What those of us without either a music degree or even a grade 1 pass at piano need to know at half time are things such as what is the conductor doing that's special; how does it differ from other interpretations of the piece; what distinctive qualities has he or she brought out of the piece and the orchestra.
If Mr Sheffield doesn't answer these and similar questions then I'd rather be in the foyer looking for somewhere to dump my ice- cream tub. And please, Mr Sheffield, no fear or favour in your commentaries: I want to know about inappropriate interpretations, wrong pace, bum notes and whether the soloist demanded a rise on his fee just before coming on stage.
Indeed, why don't we have interactive talking notes? You tell us what we ought to think and then we'll tell you what we do think. It would be the best market testing the South Bank has ever done.
As for the London Philharmonic plan to put on the odd Sunday morning concert, who could not be in favour of it, getting in the kids and the grandparents? But do we really need the big screen and the lasers? These are the paraphernalia of rock concerts simply because those concerts make a point of continued melodrama, effects and showbiz posturings. At a classical concert the bulk of audience time should be spent either concentrating, or, like Miss Schlegel, dreaming.
Recently I saw Itzhak Perlman perform Brahms' and Beethoven's violin concertos with the Philharmonia at the Royal Festival Hall. It was an unforgettable evening, and lacking any new technology gimmicks. The polio-stricken Perlman struggled from his wheelchair and hobbled up a wooden ramp on crutches, twisted himself into his chair, looked whimsically at the audience until it was his moment to pick up his instrument, then contorted his face into an expression of intense concentration, almost pain, and produced sounds so tender and expressive that many people near me gasped with emotion.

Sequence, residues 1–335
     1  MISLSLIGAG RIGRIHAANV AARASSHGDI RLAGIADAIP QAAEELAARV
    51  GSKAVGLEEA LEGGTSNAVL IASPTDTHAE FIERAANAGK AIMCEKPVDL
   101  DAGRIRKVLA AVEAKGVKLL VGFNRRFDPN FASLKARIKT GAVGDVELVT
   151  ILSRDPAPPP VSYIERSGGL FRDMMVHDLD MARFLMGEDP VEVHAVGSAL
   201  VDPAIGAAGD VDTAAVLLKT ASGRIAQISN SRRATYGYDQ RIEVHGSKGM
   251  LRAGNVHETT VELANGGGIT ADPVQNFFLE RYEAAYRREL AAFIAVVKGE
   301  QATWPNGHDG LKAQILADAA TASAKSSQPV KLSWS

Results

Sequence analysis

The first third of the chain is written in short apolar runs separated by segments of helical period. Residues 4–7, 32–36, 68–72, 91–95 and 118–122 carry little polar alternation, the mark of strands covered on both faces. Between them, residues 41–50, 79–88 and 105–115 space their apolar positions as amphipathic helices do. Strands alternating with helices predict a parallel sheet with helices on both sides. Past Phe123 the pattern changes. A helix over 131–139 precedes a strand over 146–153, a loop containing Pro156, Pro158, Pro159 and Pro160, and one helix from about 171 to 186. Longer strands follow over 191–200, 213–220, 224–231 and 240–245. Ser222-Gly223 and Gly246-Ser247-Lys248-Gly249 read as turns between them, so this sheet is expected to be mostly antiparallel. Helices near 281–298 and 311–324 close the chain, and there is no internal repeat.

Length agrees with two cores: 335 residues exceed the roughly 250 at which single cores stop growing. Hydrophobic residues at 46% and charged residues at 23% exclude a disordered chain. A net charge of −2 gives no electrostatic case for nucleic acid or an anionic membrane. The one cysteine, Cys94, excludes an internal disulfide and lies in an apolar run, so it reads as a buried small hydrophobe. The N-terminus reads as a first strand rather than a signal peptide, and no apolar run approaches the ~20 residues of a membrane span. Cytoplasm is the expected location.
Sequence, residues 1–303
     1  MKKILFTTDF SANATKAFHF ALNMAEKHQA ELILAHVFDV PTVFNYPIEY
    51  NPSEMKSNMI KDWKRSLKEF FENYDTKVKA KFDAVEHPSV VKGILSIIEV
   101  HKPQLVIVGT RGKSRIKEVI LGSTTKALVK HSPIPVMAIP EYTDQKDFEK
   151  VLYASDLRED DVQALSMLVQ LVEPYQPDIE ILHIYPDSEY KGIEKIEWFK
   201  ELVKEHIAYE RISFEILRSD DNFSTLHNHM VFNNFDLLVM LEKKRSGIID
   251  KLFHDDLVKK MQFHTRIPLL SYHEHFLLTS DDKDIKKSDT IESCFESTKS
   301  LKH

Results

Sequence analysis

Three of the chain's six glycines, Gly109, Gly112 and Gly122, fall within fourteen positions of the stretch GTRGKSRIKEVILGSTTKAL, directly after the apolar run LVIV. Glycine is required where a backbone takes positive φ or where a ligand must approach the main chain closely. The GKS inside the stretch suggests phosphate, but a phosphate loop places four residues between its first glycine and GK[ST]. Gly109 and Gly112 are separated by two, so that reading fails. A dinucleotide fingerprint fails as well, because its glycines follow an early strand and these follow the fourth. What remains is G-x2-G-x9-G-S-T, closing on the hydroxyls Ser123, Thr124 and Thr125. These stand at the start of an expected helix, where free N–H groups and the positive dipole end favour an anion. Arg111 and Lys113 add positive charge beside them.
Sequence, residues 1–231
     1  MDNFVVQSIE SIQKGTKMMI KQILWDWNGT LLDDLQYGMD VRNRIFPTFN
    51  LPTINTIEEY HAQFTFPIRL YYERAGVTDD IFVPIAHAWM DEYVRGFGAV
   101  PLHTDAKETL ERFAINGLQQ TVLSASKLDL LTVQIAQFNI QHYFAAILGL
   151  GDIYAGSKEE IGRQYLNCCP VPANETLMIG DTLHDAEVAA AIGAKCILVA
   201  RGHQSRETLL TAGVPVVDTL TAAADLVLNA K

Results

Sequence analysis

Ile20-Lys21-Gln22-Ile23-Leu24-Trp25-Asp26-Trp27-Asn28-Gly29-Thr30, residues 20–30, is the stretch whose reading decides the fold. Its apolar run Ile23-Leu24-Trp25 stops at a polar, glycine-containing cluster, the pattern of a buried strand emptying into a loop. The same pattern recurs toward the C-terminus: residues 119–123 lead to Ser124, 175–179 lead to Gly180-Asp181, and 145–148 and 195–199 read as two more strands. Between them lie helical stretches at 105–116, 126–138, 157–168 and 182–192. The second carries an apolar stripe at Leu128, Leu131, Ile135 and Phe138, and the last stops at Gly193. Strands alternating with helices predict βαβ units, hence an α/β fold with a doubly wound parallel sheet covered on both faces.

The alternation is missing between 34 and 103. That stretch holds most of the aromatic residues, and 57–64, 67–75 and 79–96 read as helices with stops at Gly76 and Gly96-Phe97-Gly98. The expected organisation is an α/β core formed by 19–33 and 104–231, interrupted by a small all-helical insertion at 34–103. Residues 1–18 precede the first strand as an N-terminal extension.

Nothing could have added to the thrill, sense of occasion and sheer magic of that evening, just as all the gimmicks in the world cannot make a mediocre performance great.
It's true that classical music, like other art forms, is experiencing a slump in audiences; and there is a complex set of reasons for this, ranging from competing demands on people's time, to the quality of classical music on CDs, to high ticket prices. It may also be that the old-fashioned nature of a classical concert puts off elements of the audience, but frankly I doubt it, just as I doubt that a uniform of slacks and sneakers will make a concert more accessible than evening dress.
The reason for the slump in audiences might be something even more taboo than ticket prices; namely that there is a shortage of conductors and soloists with blazing talent and stage presence. Solti, Tennstedt and Simon Rattle can sell out a hall without the need for lasers. And Perlman does not need a giant screen; he has giant charisma.
James Fenton is on holiday.Reuse content